Welcome back to Lyric Essentials! This week, we feature poet and educator, Caroline Earleywine, who reads Nickole Brown for us and discusses writer’s identities in spaces of queerness, gender, and the South.
Erica Hoffmeister: In our emails, you said that despite brainstorming other poets, you still returned to Nickole Brown. What do you think drew you to her poetry that made you feel it was necessary to share her work with our readers?
Caroline Earleywine: What makes me return again and again to Nickole Brown’s work is the way she makes me feel seen. When I was in graduate school, before I ever really wrote about my queer or southern identity, I was lucky enough to have Ada Limón as one of my mentor teachers. She was the one who recommended Fanny Says to me. It was a pivotal moment for me in my writing.
I so admire the way she writes about the South and about family and those complexities and hard truths that come with both. I also relate to the way she writes about beauty and femmeness in the queer community and its ties to nature, gender, and violence. Underneath even the tough parts, there is a joy and resilience found in her work, which is something I cling to right now. So in addition to hoping her work helps others feel seen in the way it has done for me, I think everyone can benefit from those chutes of joy.
As an aside, after I started reading her work, I found out she used to teach in Little Rock where I live and has a couple of books published with Sibling Rivalry, which is a local press. I got to meet and hear both her and her wife Jessica Jacobs read in Hot Springs at Wednesday Night Poetry last year. (And I’m so thankful for being introduced to Jessica Jacob’s work — I aspire to write love poems with the honesty and integrity she does in her book Take Me With You, Wherever You’re Going.)
EH: Why did you choose these particular poems of Brown’s to focus on?
CE: I so love the tenderness of “Fuck,” and how it takes a word often seen as crude and raw and inappropriate and turns it into something beautiful. The poem feels like a portrait of Fanny. I don’t necessarily have a person like Fanny in my life, but I feel this familiarity to her. I’m really drawn to this idea of what it means to be a southern woman and how we push up against that conditioning and expectation. There’s such a defiance in those last lines: “My grandmother, who didn’t ask for power, but took it, in full, fuck-it-all-bloom.” I love it for its un-apology and grit. It’s a type of strength that is unladylike as far as tradition, and is typically a type of power reserved for men. I love how Fanny takes up that space, and in writing this poem, it feels that Nickole Brown is occupying that space as well. I also just love how in this poem, and in others in the book, she examines a word that is so specific to a culture. It emphasizes that language is very much alive. It also makes me think of Nate Marshall’s poem, “Finna,” which I’m currently obsessed with.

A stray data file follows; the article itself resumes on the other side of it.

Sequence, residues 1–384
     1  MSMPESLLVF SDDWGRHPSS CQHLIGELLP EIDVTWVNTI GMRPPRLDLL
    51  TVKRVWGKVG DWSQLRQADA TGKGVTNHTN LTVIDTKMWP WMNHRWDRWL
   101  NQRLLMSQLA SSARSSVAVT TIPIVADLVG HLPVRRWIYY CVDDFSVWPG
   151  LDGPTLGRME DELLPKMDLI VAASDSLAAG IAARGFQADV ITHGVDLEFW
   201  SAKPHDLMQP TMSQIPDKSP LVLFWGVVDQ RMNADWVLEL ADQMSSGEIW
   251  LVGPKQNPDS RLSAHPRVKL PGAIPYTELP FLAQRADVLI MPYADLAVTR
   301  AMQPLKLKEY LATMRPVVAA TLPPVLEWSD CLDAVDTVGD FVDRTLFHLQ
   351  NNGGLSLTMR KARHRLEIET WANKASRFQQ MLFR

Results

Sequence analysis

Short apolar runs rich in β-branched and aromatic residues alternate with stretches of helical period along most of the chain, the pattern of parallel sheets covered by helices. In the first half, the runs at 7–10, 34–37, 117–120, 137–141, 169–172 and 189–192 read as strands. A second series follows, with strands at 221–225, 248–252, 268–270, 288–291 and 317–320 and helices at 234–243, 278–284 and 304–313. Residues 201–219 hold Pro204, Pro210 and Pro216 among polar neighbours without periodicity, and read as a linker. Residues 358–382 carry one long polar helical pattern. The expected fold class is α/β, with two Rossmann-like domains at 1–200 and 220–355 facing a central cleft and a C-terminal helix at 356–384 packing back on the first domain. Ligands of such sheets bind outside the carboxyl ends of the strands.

“An Invitation for My Grandmother” is a poem that means a lot to me. There is grief, there is beauty, and there is the joy of finally being seen. I love the journey the poem takes, both geographically and emotionally. It honestly chokes me up almost every time I read it or think about it. My grandmother died before I was able to come out to her and before I married my wife, and I often wonder what her reaction would have been. She was a true southern woman who always spoke her mind. In that way, Fanny reminds me of her. I actually wrote a poem that was largely inspired by this poem and concept called, “My Grandmother Gives Me Her Approval Nine Years After Her Death.”
EH: As a fellow queer, southern poet and educator, do you find that Brown has influenced in your own work in certain ways?
CE: I feel like she gave me a permission I didn’t know I needed. I have felt, and still feel, a bit of fear and intimidation at the idea of writing about the South. I worry about falling into stereotypes with my portrayal, or getting too negative, or not giving the unflattering parts enough space. The South is filled with such contradictions and pain and beauty, and I so admire the way Nickole Brown holds all those truths in her hand at the same time.